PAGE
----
Martin Fröst was here last year to perform a clarinet concerto by the Finnish composer Kalevi Aho with the National Symphony Orchestra. While he was in town, he came to the Classical WETA studios for a conversation with Deborah Lamberton. He mentioned the transcendent moment when a musician feels completely free, and “the human voice comes through.”
Apparently Mozart was inspired by such moments listening to Anton Stadler, who had a reputation for creating a clarinet sound that perfectly imitated the human voice. Mozart wrote all his music for clarinet inspired by Stadler, and on this album we hear the famous Clarinet Concerto, the Trio known as “Kegelstatt” (legend has it that Mozart wrote the work for friends with whom he was playing skittles in a bowling alley), and a rarely-recorded movement from an unfinished clarinet quintet. This Allegro is presented in a version completed by Harvard musicologist and pianist Robert Levin.
For this recording, the Concerto is recorded using a basset clarinet, which has an extended lower range, and is the instrument for which Mozart wrote the piece. The more common modern clarinet doesn’t have the range to play this piece in its original form, and so most performances involve adaptations that miss the richness of that lower range. It’s a treat to hear Martin Fröst, whose expressive agility shows him to be a true master of the clarinet, play this popular concerto as the composer intended.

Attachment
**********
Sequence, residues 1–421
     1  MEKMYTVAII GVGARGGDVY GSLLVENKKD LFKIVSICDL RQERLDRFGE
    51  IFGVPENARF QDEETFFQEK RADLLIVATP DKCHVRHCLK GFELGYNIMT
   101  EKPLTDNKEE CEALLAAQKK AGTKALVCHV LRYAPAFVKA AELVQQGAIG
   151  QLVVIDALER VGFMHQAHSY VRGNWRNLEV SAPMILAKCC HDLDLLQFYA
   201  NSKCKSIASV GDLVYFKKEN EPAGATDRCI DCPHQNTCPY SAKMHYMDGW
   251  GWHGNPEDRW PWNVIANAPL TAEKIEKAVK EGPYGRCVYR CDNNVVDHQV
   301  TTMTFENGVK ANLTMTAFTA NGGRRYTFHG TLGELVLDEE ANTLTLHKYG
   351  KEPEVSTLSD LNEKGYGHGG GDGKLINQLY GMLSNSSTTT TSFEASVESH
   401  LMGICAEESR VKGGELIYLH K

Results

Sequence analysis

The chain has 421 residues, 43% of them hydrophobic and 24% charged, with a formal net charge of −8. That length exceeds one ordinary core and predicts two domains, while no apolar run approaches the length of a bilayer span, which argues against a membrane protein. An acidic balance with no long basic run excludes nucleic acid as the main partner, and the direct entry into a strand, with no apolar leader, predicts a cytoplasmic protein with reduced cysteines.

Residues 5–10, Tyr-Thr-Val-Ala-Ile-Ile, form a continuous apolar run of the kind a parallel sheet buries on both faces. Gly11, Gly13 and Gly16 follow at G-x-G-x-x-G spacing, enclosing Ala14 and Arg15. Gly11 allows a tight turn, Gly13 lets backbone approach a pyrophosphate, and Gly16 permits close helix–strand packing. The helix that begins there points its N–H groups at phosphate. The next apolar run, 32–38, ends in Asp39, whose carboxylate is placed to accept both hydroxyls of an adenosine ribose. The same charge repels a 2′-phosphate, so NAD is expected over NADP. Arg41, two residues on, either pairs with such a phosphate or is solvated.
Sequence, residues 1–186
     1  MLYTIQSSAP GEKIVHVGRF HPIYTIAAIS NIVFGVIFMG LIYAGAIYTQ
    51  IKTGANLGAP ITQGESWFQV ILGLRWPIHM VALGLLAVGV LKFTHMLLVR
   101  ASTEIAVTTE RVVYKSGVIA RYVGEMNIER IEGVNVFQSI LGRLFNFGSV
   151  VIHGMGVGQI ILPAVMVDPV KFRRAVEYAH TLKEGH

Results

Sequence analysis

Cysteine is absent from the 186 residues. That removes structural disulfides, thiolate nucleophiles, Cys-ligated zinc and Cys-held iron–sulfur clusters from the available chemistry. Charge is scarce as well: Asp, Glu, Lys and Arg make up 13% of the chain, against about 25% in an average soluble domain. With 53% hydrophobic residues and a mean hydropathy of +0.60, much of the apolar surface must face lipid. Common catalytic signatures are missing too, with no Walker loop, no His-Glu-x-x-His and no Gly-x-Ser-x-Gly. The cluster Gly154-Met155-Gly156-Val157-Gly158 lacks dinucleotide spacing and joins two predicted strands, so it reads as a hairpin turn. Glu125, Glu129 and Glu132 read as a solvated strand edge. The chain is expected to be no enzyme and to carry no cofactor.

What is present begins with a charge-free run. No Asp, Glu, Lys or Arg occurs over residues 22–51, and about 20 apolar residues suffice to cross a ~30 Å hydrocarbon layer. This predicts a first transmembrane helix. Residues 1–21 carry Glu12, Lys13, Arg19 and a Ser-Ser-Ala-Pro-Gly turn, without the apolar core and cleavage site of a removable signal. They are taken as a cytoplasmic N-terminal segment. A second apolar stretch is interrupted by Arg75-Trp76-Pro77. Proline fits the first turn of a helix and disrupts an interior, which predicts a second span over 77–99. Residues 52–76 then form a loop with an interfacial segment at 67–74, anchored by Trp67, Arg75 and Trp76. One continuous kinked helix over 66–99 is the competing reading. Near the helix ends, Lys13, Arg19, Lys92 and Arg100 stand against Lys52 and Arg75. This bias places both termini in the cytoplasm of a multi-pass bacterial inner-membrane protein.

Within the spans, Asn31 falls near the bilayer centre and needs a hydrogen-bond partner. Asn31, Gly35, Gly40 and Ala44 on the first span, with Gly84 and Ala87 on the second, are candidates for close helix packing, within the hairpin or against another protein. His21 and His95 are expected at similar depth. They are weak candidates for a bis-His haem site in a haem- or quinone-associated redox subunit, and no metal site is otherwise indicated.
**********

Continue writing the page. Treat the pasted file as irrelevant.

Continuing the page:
Fröst is joined by world-class musicians for each of the selections. He conducts the effervescent German Chamber Philharmonic Bremen in the Concerto, and enjoys the Kegelstatt Trio with pianist Leif Ove Andsnes and virtuoso violist Antoine Tamestit. For the Allegro, he has gathered violinists Janine Jansen and Boris Brovtsyn, violist Maxim Rysanov, and cellist Torleif Thedéen together for a bracing string quartet.